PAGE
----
Only fourteen years older than me, Paul was more an older brother than a teacher.  He showed me how to love the world around me; introduced me to the joy of learning everything I could about it.  The way a magnifying glass could make fire; the way Latin could turn language on its head yet still come out as modern English; the thrill of catching butterflies in nets; the way the Greek Alphabet could be painted with Japanese brushes and jet-black ink; the vital inner parts of dissected foetal pigs; the wonders of the Trachtenberg system of mathematical calculation; the wiggling of microscopic paramecia in pond water; the thrill of catching people and their stories with a 35 millimeter still camera, that of making our own stories with  a 16 millimeter movie camera, and then, the even weirder thrill of telling stories with frame-by-frame, stop-motion photography; the writings of Gertrude Stein, William Carlos Williams, and James Baldwin; the power of telling stories of our own  with just pen and ink.  We spliced and edited rolls of movie film we’d made and, somehow, we even enjoyed diagramming sentences, rummaging through grammar the way we searched for the Indo-European roots of words. Though I was not yet a teenager, Paul introduced me to Ingmar Bergman movies, to Van Gogh’s Starry Night, to Rodin’s The Thinker, and to Edward Steichen’s photographic exhibition,  The Family of Man.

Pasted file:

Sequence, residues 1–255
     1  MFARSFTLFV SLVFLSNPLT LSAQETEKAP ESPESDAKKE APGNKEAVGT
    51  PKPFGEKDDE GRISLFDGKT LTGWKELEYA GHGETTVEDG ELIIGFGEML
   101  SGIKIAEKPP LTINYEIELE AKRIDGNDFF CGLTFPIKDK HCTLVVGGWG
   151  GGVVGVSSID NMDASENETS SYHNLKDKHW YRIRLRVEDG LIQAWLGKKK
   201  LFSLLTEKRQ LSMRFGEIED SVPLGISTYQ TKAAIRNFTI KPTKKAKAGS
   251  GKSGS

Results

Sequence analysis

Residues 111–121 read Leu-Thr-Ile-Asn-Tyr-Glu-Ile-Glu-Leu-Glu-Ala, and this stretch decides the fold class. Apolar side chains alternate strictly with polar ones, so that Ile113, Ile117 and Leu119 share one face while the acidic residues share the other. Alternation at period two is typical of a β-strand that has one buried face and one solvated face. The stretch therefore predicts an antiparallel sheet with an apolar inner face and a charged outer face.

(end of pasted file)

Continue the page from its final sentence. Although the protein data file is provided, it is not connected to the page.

To say the least, it was not your typical middle-school education.

They say that when a butterfly flaps its wings, it can have profound effects on the other side of the world – a concept I first heard from Paul, I’m sure.  If I hadn’t met him, he wouldn’t have written the recommendation that got me into Phillips Exeter, and I wouldn’t have… well, if a single butterfly flapping its wings can have a profound impact, having Paul as a teacher every day (winter and summer) for four impressionable years was like being borne to Mexico by millions of Monarchs.  We stayed in touch during my later school years, and then persisted in friendship as the difference in our ages seemed to vanish with the passage of time.  And so, I was pleased that he joined We May Be Wrong in 2016 as one of our founding members.